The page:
The East River tidal strait, New York City, New York, a high-nutrient, low-chlorophyll coastal system

Document Type: Original Article

Authors

NOAA, National Marine Fisheries Service, Northeast Fisheries Science Center, Milford Laboratory, Milford, CT, 06460, USA

10.1007/s40071-018-0189-2

Abstract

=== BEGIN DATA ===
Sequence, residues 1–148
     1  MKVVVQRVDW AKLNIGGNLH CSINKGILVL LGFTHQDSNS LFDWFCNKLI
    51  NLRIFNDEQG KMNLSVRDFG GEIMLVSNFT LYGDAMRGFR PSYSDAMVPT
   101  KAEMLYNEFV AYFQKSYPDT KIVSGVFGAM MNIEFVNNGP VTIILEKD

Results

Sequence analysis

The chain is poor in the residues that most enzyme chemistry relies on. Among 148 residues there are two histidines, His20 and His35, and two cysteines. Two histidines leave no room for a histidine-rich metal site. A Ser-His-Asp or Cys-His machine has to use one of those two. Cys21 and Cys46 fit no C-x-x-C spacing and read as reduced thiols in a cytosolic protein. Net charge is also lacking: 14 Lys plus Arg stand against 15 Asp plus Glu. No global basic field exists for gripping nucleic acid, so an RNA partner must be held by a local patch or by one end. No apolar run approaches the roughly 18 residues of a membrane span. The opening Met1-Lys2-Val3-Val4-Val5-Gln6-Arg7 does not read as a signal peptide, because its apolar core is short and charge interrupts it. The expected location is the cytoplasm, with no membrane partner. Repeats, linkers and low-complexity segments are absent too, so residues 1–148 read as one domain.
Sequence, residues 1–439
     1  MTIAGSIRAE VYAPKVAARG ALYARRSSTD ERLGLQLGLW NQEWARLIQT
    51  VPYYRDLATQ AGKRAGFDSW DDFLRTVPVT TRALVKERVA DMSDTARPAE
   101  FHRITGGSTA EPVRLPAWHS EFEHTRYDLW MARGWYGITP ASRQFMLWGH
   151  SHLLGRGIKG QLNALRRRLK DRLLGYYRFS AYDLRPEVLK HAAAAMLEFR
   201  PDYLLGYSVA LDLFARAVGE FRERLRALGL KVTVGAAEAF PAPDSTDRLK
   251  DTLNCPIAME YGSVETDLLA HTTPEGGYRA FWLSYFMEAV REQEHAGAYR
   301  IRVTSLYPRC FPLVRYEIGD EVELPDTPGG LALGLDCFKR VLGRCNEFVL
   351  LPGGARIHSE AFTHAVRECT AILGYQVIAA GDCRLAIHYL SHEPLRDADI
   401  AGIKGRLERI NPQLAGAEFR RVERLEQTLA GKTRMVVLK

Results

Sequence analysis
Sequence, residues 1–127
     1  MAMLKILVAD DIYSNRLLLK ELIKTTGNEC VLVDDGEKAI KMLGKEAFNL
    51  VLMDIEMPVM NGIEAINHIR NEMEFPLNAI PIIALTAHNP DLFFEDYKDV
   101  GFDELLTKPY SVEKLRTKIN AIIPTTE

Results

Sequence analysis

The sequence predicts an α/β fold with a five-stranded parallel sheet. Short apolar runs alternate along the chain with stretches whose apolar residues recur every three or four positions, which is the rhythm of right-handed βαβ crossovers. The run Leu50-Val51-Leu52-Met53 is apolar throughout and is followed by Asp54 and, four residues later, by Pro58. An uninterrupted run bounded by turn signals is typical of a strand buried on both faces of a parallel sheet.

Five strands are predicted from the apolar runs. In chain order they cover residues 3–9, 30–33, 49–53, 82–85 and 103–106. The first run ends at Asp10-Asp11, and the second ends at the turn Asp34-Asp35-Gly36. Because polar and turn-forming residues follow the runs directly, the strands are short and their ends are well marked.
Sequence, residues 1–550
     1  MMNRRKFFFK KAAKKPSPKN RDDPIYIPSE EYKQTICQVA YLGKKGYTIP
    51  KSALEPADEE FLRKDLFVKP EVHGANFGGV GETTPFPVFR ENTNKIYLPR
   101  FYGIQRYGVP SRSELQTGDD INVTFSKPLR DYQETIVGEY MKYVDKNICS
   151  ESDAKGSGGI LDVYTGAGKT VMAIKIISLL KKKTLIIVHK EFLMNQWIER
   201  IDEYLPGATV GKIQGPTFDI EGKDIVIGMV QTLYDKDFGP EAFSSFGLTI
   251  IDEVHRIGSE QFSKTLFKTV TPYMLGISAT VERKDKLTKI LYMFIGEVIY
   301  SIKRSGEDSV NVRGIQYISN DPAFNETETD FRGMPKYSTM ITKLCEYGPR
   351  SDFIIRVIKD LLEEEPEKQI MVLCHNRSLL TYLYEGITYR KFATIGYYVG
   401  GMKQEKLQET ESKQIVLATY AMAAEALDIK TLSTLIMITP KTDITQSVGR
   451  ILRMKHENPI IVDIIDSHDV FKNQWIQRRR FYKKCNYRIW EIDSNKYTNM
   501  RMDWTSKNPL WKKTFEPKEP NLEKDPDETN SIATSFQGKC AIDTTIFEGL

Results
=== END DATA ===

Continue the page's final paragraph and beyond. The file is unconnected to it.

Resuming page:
The East River tidal strait, located between New York Harbor and Western Long Island Sound, is characterized by high suspended silt concentrations with low organic content kept in suspension by intense tidal currents. Inorganic nutrients, including nitrate, nitrite, ammonia, and phosphate, were high even during the summer. Dissolved inorganic nitrogen (DIN) concentrations generally were above 20 µM and did not likely limit phytoplankton growth. Despite high nutrient concentrations, median chlorophyll a concentration was only 1.53 µg l−1, making the East River tidal strait a high-nutrient, low-chlorophyll (HNLC) area, likely a result of suspended silt blocking light penetration into the surface water. There were times at which the ratio of mixed layer to depth of the euphotic zone was generally greater than what has been suggested for phytoplankton to produce net primary production. The high-nutrient East River tidal strait is likely one of the sources of nutrients fueling summer phytoplankton production and consequent hypoxia in the Western Long Island Sound as silt settles from surface water in the lower turbulence conditions of the western narrows of Long Island Sound, thereby allowing light penetration and subsequent consumption of dissolved nutrients by phytoplankton.

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